Kepler's Second Law characterizes the the velocity of a planet along its elliptical path.

The planet's speed varies -- but it does so in a completely regular way, a way that can be expressed in a simple mathematical formula.

Kepler's Second Law says says that a line running from the sun to the planet sweeps out equal areas of the ellipse in equal times.  This means that the planet speeds up as it approaches the sun and slows down as it departs from it.  Let's use the diagram above to think through how this is so.

Suppose it takes a certain time T for the planet to travel from Position 1 to Position 2.  The line from the sun to the position of the planet during this journey covers the area bordered by Sun-P1/P1-P2/P2-Sun.  This is the same area as found in the region bordered by Sun-P3/P3-P4/P4-Sun.  So the time it takes for the planet to travel from Position 3 to Position 4 will be the same time, T.  The path along the ellipse from P1 to P2 (while the planet is closest to the sun) is longer than the path along the ellipse from P3 to P4 (when the planet is farthest from the sun).  In other words, the planet is travelling fastest while it is close to the sun and slowest when it is furthest away from the sun.  For the areas to be the same, P3-P4 has to be shorter than P1-P2, because S-P3 and S-P4 are longer; conversely, P1-P2 has to be longer (if the same area is to be swept out), in order to compensate for the shortness of S-P1 and S-P2.  But if a body covers a shorter distance in a given stretch of time than some other body covers in the same stretch of time, it's going slower.  The planet will be traveling fastest at the point on the ellipse midway between P1 and P2, after which it begins to decelerate.  And it will be traveling slowest at the point on the orbit midway between P3 and P4, after which it begins to pick up speed.

Kepler's law describes the motion not only of planets around the sun but of moons around planets.  If your browser is equipped with Shockwave, check out Raman's orbit simulator to look at a moon traveling in an ellipse around a planet traveling in an ellipse around the sun!  (And then think of how much paper and ink Kepler must have gone through in the eleven years it took him to figure out that the way Mars seems to us to travel across the background of the fixed stars how Mars would be produced for an observer on a planet traveling in an elliptical orbit arount the sun by a planet traveling on a different elliptical orbit around the sun (more distant from the former, and out of phase with it) -- provided we imagine the right average distances from the sun for the respective orbits, and pick the right point on each orbit corresponding for an initial observation of the more distant planet from the one closer to the sun.  Whew!)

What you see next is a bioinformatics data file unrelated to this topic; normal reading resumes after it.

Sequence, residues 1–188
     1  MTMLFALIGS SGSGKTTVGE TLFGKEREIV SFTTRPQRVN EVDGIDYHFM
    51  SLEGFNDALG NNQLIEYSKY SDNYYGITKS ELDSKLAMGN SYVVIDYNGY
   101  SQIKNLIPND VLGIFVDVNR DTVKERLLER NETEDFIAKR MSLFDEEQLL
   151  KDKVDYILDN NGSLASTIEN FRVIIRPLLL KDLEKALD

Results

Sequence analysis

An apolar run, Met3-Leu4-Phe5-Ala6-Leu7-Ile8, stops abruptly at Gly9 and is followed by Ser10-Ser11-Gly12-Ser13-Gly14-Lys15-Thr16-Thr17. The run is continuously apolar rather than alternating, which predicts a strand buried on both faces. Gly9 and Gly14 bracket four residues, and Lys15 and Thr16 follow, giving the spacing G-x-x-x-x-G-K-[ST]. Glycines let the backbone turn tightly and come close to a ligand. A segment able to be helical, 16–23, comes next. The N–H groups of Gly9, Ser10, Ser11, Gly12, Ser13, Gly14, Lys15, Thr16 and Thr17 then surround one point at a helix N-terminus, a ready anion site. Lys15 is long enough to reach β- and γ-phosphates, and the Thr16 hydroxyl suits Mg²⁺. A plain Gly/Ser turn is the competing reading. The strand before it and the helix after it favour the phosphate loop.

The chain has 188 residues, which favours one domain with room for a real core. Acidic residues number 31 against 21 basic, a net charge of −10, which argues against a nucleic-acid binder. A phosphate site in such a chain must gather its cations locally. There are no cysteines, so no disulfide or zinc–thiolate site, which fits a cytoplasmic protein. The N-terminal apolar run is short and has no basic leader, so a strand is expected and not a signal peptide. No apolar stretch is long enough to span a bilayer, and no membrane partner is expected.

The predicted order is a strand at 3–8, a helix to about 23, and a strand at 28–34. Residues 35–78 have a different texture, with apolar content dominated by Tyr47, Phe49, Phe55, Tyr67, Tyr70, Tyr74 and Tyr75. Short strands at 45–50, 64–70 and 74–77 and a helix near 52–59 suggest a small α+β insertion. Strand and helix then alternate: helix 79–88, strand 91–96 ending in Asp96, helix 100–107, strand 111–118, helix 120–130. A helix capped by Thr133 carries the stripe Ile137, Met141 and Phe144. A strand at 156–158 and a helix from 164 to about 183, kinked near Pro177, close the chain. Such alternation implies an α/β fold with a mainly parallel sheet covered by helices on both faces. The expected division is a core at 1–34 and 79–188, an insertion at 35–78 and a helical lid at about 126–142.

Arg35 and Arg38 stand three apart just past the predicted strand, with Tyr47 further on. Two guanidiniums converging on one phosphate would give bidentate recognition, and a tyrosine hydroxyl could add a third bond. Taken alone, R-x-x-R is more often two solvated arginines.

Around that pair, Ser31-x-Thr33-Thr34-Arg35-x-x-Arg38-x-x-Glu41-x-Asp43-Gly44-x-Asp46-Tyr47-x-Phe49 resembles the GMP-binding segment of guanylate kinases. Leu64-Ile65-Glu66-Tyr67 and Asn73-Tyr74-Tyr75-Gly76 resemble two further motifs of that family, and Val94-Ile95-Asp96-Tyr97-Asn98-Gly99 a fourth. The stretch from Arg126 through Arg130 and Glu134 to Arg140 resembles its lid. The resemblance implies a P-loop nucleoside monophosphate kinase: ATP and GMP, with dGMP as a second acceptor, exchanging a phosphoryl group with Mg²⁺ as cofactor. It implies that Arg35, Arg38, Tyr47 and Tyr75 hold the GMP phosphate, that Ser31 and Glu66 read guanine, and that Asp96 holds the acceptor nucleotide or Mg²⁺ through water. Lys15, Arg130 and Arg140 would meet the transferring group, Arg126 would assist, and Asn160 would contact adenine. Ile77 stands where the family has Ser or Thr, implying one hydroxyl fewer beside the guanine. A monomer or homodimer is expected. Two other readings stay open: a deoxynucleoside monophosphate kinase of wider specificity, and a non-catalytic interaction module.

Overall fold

The designer of this clever orbit simulator is ahead of Kepler, because he's working from Newton's laws, which are a later part of our story.  You can nevertheless have some informative fun here by seeing what happens when you tinker with the various variables.  For simplicity's sake, set the velocity of the sun itself at zero.  You might also want to click on the grid.

Now experiment with different values for the mass of the sun and for the gravitational constant.  If you set these high enough, you'll get some interesting results.  Sometimes the moon gets so accelerated as it passes the sun that it escapes the planet's gravitational field and travels on out into space.  (Maximize the mass of the star and set the value for the gravitational constant as high as you can on this program, and you'll get this.)  Sometimes it comes so close to the sun that the sun captures it away from its planet, and turns it into another planet, whipping around on a different ellipse.  (If you set the mass of the star at 90000 and pretend that the gravitational constant is about 1.64 times what it is in our world, you'll witness this happening after about 3 planetary revolutions.)  Sometimes it ends up plunging into the sun.  Fiddling with the variables gives you a more intuitive feel for what the unchanging formula in which the variables are imbedded means.

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      Contents copyright 1998 by Lyman A. Baker

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      This page last updated 13 December 1998.